If many copies were needed, you may recall making a stencil. Do you recall removing the ribbon so the bare keys on the typewriter could strike the stencil to eliminate the wax so that the ink could flow through the remaining tissue paper? Can you still see the waxed mulberry paper used to make a stencil? If so, you must have had the experience of correcting a mistake by brushing it out with correction fluid that could be typed over once it dried. Can you ever forget the awful experience of wrapping a stencil around an ink-filled drum that we called a mimeograph machine? The mimeograph machine operator was covered with an apron, long sleeves and gloves, as ink would splash everywhere as it turned. If one needed a large number of copies, short of going to a commercial printing establishment, this is what was required, back in the day.

While the design of the keyboard has been passed on to computers we use today, most of us have no idea of the origin, meaning and practicality of the QWERTY keyboard arrangement. I wish to share what I learned about this term as a result of writing this column. Those are the first six letters on the top row of the keyboard. The design was invented by Latham Sholes in 1878 and has little to do with speed for the operator, but more to do with the manner in which the keys hit the paper. Sholes originally experimented with arranging the letters in alphabetical order, but found the keys jammed together at a central pint when they were struck with increasing speed. Through much trial and error, the keyboard layout we use today was fashioned from what was designed, back then.

While I pointed out earlier that I do not have a functional typewriter in my home today, I do have the antique Underwood that was in my parents’ home many years ago. The black and red ribbon is still in the typewriter; however, I have limited knowledge of using the red part of the ribbon i. People did use it for highlighting words or letters, underscoring words or when typing financial documents. If you did not have an Underwood typewriter, you may have owned or operated a Remington, Smith-Corona, or Royal. While most of us used manual typewriters, you may have been in the workforce or engaged in a great deal of home typing at the time the electric typewriter, in particular, the IBM Selectric was introduced. I will always remember this typewriter, as it had a “typeball” that replaced the traditional bars that swung up to strike the ribbon and page. This typewriter, you must recall looked sleek, was electric, and made it possible to use different fonts in the same document. The Correcting Selectric introduced in the early ’70s eliminated the need for cover-up tape, Wite Out correction fluid or typewriter erasers. IBM Selectric typewriters added many features that made them the top of the line .Many people to this day, long after the computer became so dominant, still use them. IBM Selectric typewriters and their descendents captured 75 percent of the market for electric typewriters in the 1970s.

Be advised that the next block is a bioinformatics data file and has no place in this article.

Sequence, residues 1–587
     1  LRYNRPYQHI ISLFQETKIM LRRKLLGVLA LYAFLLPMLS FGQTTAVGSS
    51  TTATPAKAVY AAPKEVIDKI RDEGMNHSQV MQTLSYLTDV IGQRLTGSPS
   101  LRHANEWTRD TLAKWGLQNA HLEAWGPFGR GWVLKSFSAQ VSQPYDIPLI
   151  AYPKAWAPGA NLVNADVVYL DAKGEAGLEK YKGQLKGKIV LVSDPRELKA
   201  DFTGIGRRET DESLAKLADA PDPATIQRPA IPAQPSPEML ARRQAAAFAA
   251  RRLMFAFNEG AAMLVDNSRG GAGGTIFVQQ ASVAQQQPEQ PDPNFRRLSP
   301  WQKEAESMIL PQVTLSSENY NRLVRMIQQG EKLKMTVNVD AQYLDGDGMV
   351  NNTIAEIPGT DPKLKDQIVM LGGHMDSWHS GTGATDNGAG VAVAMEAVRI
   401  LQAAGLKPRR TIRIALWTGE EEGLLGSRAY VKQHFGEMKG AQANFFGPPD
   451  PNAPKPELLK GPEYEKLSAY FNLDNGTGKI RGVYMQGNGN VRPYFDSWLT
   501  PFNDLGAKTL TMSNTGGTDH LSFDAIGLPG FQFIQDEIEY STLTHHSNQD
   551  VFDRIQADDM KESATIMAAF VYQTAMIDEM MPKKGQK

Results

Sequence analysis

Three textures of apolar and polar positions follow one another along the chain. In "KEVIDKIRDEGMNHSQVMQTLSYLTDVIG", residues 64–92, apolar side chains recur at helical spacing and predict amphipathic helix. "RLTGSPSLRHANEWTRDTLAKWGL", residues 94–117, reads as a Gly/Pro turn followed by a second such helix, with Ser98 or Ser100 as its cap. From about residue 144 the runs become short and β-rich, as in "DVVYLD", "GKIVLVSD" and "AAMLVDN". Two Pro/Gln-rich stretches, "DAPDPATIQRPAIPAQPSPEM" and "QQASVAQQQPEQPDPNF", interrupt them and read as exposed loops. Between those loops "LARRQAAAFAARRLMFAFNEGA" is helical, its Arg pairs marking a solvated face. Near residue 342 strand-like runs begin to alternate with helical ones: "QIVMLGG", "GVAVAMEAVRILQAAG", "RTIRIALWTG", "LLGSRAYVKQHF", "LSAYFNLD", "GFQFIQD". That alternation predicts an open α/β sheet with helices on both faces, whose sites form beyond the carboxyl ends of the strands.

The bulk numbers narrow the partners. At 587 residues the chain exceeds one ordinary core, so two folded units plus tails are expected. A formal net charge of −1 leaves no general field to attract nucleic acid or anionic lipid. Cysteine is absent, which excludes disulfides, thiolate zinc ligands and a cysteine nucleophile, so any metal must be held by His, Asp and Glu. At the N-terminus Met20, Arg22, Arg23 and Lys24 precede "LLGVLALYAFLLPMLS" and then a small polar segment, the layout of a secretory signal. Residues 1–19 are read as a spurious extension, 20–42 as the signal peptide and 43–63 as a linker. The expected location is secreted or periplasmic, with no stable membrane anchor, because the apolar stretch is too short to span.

Most of my reflections with regard to life in the past conclude with dreams of returning to circumstances as they used to be. However, I have no desire to go back to the typewriter with the absence of multiple fonts; an inability to easily make corrections; carbon paper; stencils; and, all the other things described in this column. I will admit, however, that as a result of some of the issues raised in this column, I have every intention of paying close attention at flea markets, yard sales and for items that friends or co-workers may be discarding. I recognize that I need a typewriter, manual or electric, stored away in my home for something that cannot be addressed with the use of a computer; projects that can only be completed with a typewriter, the only choice we had, back in the day.


Alonzo Kittrels can be reached at This email address is being protected from spambots. You need JavaScript enabled to view it. or The Philadelphia Tribune, Back In The Day, 520 South 16th Street, Philadelphia, PA 19146.